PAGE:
Monday, June 22, 2009

Been there? Done that?

"Son, act like you've been there before." (Paul Brown, legendary football coach, to a player who had danced in the end zone after scoring a touchdown)
It's been almost a year since I was reminded that I live among hamsters, that rainy morning when flash flooding exposed many of my neighbors as totally clueless about their surroundings.

They didn't have the knowledge, experience or attitude to confront unfamiliar circumstances -- because they hadn't been there before.

That's inexcusable. There's no reason not to expect the unexpected because, sooner or later, trouble of some sort will find us.

A major traffic accident or a chemical spill will close the freeway. The power will go out some summer evening. An ice storm will leave us without heat for hours, or even days, in the dead of winter.

Traffic jams and weather events might well be on our personal radar, but sometimes the threat is greater and the stakes are higher -- much higher. An intruder will invade our home in the night. We'll suffer an injury at a place or time when medical help isn't available.

And at the risk of sounding like a tin-hatter here, consider this: A natural disaster will hit or civil unrest will boil over when we're miles from home. Could we defend ourselves? Find water and shelter? Build a fire? With or without a vehicle, could we get home?

For a graphic description of such a scenario, see "Cold, cold water."

Dealing effectively with these and other what-ifs depends largely on mindset. The biggest mistake we make, I think, is believing that we can wait 'til the last minute to conjure our must-do SHTF attitude.

Put another way, we can't "act like we've been there" if we've never even been close.

Whether we like it or not, personal preparedness is a full-time job. Fundamental to success -- and survival -- is actively and continually cultivating a working familiarity with tools, skills and surroundings.

It can start with something as ridiculously simple as spending time each day living in the dark. (No kidding.) There's nothing wrong with switching on a light, of course, but how often do we do that out of habit rather than need? By being aware of my using artificial light unnecessarily, I've seen how often I can do without it -- which, as it turns out, is most of the time.

My practice has given me confidence and familiarity (as well as night vision) that come in handy every time the power winks out. Obviously, keeping everything in its place helps. I mean, there's nothing quite as pathetic as needing a flashlight to find the candles -- or the batteries.

Our electric bills are a bit lower, too.

The time may come when embarrassment and utility bills would be the least of my concerns. If an armed intruder were to threaten my family and me in the middle of the night, I can lay my hands on everything I might need -- phone, eyeglasses, defensive weapon, etc. -- in ten seconds or less.

I know that for a fact because I do low-light, dry-fire drills at least once a week. Practice, promise.

When the fuel gauge on our vehicle starts approaching E and we're not sure when we'll see the next gas station, we start driving much more conservatively. We've all done it, trying to squeeze as much mileage as possible out of those last precious fumes in the tank.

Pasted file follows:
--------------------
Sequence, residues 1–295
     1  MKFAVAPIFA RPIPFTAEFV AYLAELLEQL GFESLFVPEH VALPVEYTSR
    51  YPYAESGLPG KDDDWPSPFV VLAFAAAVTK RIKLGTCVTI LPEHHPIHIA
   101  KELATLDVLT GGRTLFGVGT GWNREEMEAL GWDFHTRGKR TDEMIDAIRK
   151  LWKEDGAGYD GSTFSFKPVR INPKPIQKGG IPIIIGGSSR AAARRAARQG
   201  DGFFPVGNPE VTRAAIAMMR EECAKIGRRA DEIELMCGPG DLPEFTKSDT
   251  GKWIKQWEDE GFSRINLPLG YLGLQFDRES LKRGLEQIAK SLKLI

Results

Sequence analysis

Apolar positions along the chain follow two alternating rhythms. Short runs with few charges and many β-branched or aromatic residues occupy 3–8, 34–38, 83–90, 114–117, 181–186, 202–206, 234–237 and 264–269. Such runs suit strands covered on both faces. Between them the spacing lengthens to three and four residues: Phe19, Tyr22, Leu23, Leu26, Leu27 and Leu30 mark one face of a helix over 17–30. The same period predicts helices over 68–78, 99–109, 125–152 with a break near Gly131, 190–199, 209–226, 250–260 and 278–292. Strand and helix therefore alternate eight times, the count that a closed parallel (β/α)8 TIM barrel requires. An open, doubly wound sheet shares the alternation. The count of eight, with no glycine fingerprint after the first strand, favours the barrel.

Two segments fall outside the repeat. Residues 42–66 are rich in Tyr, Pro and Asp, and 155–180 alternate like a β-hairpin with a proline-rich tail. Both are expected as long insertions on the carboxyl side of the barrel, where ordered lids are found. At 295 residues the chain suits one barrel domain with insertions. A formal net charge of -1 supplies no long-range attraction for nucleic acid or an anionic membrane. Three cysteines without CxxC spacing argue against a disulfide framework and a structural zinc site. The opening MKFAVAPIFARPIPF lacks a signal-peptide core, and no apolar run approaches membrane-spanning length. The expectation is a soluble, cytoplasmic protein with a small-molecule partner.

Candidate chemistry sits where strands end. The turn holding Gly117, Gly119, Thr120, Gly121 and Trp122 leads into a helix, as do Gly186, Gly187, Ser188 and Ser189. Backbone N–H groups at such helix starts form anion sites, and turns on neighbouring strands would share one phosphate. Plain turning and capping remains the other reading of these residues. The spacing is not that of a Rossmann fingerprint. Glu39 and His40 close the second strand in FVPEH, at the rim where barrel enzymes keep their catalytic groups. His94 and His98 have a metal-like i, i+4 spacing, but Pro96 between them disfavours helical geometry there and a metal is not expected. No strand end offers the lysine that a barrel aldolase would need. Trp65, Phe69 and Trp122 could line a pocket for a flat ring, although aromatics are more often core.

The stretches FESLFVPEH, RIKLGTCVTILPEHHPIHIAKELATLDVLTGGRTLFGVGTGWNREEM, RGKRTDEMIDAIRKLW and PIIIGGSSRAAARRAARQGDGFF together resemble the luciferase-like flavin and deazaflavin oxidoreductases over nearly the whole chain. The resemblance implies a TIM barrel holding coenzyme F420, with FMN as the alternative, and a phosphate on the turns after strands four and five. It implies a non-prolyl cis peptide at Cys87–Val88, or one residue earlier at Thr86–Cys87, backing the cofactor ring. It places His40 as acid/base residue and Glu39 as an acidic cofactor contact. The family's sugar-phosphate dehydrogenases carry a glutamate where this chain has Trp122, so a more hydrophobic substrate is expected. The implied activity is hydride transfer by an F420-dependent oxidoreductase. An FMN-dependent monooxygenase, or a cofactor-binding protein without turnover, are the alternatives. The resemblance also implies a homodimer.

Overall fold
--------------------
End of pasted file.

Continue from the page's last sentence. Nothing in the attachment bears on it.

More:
The question is, what could we learn by driving that way -- on purpose -- more often? Or all the time? If the SHTF and we're stuck 25 miles from where we want to be with only enough gas to go 20 miles, maybe we could actually get there. Through practice, we stand a good chance of replacing "maybe" with "probably."

In eight months with my Chevy TrailBlazer, I've managed to increase overall fuel efficiency by 20% just by changing the way I drive. I wasn't a maniac to begin with, by the way, nor do I now pose a rolling hazard to my fellow motorists. The bottom line is that it is possible.

Firesteels and knives are essential survival tools, and a handgun can be an effective means of personal defense. Even the best tools are useless, however, if we don't practice with them long before our life depends on the outcome.

Building a fire in a Weber or backyard pit with only found materials, and then lighting it with a firesteel, hones what could be a lifesaving skill. An acquaintance likes to do it while being showered by a lawn sprinkler, to simulate doing it in the rain -- now that's an attitude.

The folding knife in our pocket or the fixed blade we carry in our last-ditch kit someday may be called upon to fashion an emergency shelter, a splint or a deadfall trap. Using those knives for ordinary lawn-and-garden chores, leaving fancy saws and pruners in the shed, can show us what can be done long before it must be done. The experience, albeit ordinary, can prove invaluable.

As for firearms, once again I defer to Col. Jeff Cooper:
"You are no more armed because you own a gun than you are a musician because you own a piano. The instrument is not the answer; the skill to use the instrument is the answer."
Rust is lethal. Get to the range, dammit. 'Nuff said.

There's much more, of course, but I believe I've begun to make the point that being prepared for the unexpected involves more than a full pantry, fresh batteries and a well-stocked bug-out bag. Since circumstances could turn against us any day, preparedness is a mindset we must live every day.

That's not paranoia -- it's only common sense.